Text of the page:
Congratulations to Linda Corridan, Department Head of Nursing, on the arrival of her grandson, Myles John Fisher, born on January 11, 2017.
World of Wellesley/Wellesley College 17th Annual Martin Luther King Jr Breakfast – January 16, 2017, 8:30 – 10 am
The World of Wellesley and Wellesley College are sponsoring the 17th Annual MLK Jr Breakfast at Alumnae Hall on Wellesley College Campus. Breakfast will be available beginning at 8 am and the program will run from 8:30 to 10 am. This year’s keynote speaker is Chuck Collins, researcher, campaigner, storyteller and writer based at the Institute for Policy Studies where he co-edits Inequality.org. The MLK celebration will also include Black music performances by the Kuumba Singers of Harvard College and a performance by the WHS Thunder Step Squad. Individual tickets are $30 – Reservations should be sent to World of Wellesley, PO Box 812381, Wellesley 02482 or email firstname.lastname@example.org. Please RSVP by January 15, 2017.
Conversation on Race with Professor Pash Obeng – February 9, 2017 – WHS Caf, 7:00-9:00 pm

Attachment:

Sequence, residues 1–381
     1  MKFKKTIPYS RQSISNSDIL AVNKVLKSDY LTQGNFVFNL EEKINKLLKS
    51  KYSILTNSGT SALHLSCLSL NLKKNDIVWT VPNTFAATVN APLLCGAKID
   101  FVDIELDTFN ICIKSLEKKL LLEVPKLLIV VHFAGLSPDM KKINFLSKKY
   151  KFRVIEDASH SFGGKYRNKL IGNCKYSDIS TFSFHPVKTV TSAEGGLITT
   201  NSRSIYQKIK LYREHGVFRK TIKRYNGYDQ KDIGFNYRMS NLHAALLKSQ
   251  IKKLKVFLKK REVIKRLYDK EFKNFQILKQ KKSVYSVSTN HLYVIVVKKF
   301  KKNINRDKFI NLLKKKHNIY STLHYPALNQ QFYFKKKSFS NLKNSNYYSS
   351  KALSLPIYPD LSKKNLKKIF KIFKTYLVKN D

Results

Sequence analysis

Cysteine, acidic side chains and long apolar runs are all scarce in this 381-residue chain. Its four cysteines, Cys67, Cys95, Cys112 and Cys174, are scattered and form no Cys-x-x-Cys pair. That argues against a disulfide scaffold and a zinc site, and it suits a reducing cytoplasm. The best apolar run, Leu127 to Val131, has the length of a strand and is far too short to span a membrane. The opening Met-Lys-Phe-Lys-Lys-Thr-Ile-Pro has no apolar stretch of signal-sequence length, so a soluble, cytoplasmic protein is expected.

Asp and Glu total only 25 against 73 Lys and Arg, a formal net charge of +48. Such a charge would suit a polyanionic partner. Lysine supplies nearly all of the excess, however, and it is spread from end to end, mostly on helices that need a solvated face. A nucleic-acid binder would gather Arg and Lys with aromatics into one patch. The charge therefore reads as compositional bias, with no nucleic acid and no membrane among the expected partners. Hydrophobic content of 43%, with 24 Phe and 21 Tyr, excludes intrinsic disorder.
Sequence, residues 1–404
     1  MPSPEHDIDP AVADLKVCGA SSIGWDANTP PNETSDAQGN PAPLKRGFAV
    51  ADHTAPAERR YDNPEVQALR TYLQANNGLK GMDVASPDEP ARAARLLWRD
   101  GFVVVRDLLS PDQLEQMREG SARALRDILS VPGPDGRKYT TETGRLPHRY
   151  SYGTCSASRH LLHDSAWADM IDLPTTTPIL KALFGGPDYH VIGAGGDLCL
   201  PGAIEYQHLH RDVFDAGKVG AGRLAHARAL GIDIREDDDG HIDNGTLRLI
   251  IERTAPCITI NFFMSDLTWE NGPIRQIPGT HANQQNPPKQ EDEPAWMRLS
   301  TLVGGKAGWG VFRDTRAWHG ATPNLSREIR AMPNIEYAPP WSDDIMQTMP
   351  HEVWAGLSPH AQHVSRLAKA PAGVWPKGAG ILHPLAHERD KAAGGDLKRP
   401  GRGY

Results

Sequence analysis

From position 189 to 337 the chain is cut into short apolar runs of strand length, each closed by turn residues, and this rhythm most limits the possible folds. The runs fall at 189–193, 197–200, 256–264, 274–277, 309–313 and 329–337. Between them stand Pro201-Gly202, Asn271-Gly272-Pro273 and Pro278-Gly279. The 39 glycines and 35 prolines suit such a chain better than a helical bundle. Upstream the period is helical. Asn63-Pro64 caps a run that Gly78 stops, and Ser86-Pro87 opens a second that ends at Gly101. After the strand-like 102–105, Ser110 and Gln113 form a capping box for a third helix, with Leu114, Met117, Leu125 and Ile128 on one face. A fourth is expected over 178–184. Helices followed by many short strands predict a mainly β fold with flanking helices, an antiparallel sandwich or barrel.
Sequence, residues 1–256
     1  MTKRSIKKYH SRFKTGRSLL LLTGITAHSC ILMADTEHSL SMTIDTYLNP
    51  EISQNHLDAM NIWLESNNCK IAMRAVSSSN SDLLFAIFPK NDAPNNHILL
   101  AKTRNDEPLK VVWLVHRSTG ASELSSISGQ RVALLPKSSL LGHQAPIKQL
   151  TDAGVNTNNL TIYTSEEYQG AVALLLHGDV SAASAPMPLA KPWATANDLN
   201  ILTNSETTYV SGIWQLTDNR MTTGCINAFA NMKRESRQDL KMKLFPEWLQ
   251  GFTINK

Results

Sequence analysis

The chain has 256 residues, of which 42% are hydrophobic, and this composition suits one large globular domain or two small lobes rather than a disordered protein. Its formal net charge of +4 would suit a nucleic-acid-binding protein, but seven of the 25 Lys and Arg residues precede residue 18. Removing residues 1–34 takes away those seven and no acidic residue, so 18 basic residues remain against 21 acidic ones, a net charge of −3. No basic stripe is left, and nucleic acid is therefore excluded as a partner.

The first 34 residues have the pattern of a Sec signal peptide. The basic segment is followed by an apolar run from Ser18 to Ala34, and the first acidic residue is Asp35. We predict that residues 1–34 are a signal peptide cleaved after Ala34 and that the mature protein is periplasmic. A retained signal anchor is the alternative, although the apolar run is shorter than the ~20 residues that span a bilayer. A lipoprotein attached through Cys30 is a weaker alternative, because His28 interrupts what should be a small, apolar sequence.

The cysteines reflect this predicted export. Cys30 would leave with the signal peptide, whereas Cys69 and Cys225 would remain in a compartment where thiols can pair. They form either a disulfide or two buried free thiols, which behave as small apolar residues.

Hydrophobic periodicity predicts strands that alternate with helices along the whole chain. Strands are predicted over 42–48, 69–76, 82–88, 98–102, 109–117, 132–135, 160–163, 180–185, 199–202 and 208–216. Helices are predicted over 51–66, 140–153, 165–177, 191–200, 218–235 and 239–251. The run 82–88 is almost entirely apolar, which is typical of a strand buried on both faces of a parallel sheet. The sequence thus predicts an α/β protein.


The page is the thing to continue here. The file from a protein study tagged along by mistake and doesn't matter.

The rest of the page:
The event will open with a welcome from Kalise Wornum, METCO K-12 Director for Wellesley Public Schools and other members of the celebration committee, followed by a brief keynote from Rev. Dr. Pashington Obeng, Wellesley resident of 29 years, Associate Minister at Wellesley Hills Congregational Church and Professor of Africana Studies at Wellesley College. The evening will include table conversations facilitated by Wellesley Public School faculty, parents and community members. Our hope is that by coming together and providing a space for dialogue and learning we will build stronger relationships and understanding.
Wellesley METCO Celebration Committee
RSVP to worldofwellesley or eventbrite link.
Graduate Course Reimbrusement Guidelines/Deadline